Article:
Static and dynamic library

Discussion in 'C++' started by meendar, Dec 26, 2005.

  1. meendar

    meendar Guest

    can anyone tell me what the static and dynamic library?

    thnkx in advance.
     
    meendar, Dec 26, 2005
    #1
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  2. meendar

    W Marsh Guest

    meendar wrote:
    > can anyone tell me what the static and dynamic library?
    >
    > thnkx in advance.
    >


    This isn't really a C++ question and so isn't on-topic in this group,
    but it's Christmas.

    A static library is linked into the program itself. A dynamic library is
    external, and loaded by the program when needed.
     
    W Marsh, Dec 26, 2005
    #2
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  3. meendar

    meendar Guest

    thanks for your help.
    but in an interview i was asked, how can we use static and dynamic
    library in c++?
     
    meendar, Dec 26, 2005
    #3
  4. meendar

    W Marsh Guest

    meendar wrote:
    > thanks for your help.
    > but in an interview i was asked, how can we use static and dynamic
    > library in c++?
    >


    It's an issue that occurs often when using C++ to create applications,
    but it's not an actual C++ language question. You may well be expected
    to know how use both static and dynamic libraries at work, but it's not
    relevant in this group.
     
    W Marsh, Dec 26, 2005
    #4
  5. meendar

    Jim Langston Guest

    "meendar" <> wrote in message
    news:...
    > thanks for your help.
    > but in an interview i was asked, how can we use static and dynamic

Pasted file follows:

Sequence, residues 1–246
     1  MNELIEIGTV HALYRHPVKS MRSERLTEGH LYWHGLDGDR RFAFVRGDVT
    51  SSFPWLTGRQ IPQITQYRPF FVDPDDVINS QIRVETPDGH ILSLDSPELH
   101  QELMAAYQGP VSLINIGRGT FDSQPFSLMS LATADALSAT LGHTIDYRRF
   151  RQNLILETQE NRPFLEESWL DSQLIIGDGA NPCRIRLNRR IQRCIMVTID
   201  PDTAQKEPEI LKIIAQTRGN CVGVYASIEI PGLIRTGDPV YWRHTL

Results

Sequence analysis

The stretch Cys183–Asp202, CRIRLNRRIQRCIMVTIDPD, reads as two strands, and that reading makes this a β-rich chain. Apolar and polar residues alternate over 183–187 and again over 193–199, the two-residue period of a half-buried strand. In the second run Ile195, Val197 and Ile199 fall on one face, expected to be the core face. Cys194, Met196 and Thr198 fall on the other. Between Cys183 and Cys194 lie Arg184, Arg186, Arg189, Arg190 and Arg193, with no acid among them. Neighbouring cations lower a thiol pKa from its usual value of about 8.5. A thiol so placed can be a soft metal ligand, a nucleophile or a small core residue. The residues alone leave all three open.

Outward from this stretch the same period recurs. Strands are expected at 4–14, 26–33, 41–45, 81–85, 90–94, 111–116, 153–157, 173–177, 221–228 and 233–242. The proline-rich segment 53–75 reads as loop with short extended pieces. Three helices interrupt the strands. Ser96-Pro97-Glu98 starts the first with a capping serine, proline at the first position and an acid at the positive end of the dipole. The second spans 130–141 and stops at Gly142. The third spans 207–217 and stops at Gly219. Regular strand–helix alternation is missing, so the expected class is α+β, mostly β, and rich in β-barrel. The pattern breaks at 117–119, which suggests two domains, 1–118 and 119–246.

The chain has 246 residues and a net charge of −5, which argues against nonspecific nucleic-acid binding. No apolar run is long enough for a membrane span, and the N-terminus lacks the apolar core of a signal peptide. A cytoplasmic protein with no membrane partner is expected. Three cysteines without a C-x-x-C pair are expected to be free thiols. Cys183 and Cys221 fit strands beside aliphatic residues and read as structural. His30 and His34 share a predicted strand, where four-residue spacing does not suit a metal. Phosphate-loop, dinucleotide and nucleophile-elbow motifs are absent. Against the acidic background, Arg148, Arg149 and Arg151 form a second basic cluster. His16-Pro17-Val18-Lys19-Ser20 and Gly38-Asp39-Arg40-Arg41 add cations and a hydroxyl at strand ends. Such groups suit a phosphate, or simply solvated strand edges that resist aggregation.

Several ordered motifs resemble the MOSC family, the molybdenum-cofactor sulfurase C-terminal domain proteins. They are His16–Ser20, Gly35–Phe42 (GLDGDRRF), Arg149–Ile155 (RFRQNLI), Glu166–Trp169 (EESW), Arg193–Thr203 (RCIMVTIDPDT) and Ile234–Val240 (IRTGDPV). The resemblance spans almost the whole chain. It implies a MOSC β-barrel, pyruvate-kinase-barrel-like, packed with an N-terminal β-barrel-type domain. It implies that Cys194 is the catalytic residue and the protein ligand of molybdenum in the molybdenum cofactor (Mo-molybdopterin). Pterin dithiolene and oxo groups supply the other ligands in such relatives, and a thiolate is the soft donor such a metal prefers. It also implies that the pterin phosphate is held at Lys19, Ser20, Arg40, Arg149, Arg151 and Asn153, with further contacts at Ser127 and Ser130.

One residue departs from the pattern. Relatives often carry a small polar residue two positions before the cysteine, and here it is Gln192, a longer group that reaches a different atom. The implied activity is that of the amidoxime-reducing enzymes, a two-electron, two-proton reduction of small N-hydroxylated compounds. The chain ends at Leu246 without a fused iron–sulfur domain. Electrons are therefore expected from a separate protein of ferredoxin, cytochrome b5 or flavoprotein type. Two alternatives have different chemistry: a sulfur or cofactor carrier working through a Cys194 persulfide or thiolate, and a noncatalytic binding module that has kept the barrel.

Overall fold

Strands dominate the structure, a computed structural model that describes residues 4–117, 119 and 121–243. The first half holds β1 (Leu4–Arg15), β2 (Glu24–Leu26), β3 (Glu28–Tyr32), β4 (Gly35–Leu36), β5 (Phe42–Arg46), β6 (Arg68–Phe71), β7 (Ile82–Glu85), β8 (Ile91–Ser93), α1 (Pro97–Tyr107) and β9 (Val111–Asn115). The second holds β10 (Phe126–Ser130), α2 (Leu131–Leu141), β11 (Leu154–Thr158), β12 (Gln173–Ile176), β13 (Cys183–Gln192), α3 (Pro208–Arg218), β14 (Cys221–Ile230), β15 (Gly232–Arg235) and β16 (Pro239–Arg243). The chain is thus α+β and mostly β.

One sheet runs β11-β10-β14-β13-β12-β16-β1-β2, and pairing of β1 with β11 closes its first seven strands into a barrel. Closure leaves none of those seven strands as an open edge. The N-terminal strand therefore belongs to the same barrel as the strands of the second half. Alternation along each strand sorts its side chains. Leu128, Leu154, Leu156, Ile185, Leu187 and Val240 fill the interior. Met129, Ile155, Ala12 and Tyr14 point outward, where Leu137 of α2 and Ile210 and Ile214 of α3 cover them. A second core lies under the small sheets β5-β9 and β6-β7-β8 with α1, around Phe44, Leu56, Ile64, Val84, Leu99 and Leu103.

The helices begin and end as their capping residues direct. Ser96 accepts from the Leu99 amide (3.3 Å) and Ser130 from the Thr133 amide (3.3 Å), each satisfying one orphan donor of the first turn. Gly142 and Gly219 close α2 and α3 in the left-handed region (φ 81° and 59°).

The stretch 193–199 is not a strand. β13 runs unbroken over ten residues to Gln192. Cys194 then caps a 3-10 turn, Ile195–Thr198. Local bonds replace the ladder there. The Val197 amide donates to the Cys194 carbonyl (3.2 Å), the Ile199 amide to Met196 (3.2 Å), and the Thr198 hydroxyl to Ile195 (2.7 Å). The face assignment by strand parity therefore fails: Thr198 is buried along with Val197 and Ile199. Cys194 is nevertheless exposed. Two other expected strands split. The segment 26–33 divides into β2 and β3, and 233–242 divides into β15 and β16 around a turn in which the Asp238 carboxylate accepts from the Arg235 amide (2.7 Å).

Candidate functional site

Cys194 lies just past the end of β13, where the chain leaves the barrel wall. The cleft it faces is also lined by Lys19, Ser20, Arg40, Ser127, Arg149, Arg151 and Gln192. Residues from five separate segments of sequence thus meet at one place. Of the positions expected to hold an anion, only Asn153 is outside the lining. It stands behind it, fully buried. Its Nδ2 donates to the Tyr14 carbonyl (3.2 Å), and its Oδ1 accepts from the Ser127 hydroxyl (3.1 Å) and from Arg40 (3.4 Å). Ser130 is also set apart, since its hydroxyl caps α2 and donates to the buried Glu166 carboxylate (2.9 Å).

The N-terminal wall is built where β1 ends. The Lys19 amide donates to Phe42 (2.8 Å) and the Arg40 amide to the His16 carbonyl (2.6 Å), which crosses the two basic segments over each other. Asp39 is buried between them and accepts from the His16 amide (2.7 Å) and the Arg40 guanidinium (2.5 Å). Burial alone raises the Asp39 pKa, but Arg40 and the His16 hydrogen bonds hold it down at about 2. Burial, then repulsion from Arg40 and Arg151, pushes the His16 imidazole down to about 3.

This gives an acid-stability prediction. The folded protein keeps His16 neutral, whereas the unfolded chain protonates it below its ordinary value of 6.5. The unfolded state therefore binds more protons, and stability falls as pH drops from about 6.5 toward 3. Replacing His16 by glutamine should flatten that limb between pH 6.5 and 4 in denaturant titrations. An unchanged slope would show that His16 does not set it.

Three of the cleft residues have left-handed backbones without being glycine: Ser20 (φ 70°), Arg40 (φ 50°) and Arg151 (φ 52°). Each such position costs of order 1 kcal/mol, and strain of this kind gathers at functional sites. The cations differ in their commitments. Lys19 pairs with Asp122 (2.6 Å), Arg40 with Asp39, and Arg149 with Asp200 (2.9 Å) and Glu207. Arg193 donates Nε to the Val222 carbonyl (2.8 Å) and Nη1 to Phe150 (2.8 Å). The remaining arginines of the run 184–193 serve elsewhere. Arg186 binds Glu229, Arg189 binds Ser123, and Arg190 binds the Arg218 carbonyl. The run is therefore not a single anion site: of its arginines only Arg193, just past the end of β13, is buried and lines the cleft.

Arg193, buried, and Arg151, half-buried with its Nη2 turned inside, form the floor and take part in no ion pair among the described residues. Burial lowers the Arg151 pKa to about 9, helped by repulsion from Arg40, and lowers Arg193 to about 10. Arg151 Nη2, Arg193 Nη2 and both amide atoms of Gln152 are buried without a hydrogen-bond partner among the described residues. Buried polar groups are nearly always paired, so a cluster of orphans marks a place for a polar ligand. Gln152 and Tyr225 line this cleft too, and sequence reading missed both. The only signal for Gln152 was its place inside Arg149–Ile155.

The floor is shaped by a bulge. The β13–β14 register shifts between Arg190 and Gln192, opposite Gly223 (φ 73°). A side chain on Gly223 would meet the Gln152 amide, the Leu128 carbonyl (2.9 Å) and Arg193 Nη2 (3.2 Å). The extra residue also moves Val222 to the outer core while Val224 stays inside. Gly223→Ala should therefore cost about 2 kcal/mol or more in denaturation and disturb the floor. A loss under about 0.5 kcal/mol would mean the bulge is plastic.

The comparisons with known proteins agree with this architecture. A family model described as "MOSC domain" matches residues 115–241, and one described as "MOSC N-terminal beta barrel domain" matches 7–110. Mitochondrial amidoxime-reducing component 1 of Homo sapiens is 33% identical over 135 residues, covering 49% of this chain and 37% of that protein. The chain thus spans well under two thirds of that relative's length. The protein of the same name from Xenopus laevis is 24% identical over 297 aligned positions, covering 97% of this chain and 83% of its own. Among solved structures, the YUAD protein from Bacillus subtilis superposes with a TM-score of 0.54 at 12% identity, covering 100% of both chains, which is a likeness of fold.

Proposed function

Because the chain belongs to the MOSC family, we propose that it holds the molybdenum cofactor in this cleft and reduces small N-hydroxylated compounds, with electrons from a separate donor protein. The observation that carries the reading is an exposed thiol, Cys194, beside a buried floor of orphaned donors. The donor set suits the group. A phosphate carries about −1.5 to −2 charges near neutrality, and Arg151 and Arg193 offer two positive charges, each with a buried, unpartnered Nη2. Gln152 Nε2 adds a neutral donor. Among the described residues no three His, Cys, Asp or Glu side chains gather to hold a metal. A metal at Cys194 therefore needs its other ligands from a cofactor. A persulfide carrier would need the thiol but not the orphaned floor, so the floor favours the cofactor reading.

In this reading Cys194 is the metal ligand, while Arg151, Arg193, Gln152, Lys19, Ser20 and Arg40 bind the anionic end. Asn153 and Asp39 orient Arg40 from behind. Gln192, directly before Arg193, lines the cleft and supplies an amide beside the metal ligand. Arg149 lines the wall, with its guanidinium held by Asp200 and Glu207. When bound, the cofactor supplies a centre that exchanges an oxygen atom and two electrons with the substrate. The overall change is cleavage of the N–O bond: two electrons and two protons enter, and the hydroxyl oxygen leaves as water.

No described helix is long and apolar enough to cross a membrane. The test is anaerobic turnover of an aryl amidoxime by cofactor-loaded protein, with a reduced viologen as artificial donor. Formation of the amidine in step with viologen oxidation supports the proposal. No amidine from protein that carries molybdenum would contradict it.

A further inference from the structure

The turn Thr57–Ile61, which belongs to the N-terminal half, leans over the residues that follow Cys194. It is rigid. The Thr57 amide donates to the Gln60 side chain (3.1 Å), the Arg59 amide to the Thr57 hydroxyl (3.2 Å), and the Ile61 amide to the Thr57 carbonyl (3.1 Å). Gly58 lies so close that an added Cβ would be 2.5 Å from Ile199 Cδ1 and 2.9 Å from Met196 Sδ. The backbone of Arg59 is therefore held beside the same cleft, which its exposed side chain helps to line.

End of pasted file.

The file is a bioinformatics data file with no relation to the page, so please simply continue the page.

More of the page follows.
> library in c++?


    Try microsoft.public.vc.language for this question (even if you don't use
    vc). They will be able to answer your Windows specific c++ questions.
     
    Jim Langston, Dec 26, 2005
    #5
  6. meendar

    Dave Guest

    meendar wrote:
    > thanks for your help.
    > but in an interview i was asked, how can we use static and dynamic
    > library in c++?
    >

    It would depend on the particular environment. I've built shared files
    on a Sun before, where you need to use a particular flag when compiling
    the object files, and another when linking them to make a library.

    The main advantage with static libraries is that if the executable
    program is is moved to another machine, it will not depend on the
    library being installed, there. However, it has disadvantages too - the
    program is bigger, takes up more memory if invoked several times and
    updates to the library will not be reflected in the executable.

    Overall, static libraries seem to be dying. Solaris 10 no longer ships
    with static libraries.

    You need to look at the particular documentation on your own C++
    compiler and linker.

    Sorry, must stop there, as otherwise I will get shot on what must be the
    most unfriendly newsgroup I have ever come across.

    --
    Dave K

    http://www.southminster-branch-line.org.uk/

    Please note my email address changes periodically to avoid spam.
    It is always of the form: month-year@domain. Hitting reply will work
    for a couple of months only. Later set it manually. The month is
    always written in 3 letters (e.g. Jan, not January etc)
     
    Dave, Dec 26, 2005
    #6
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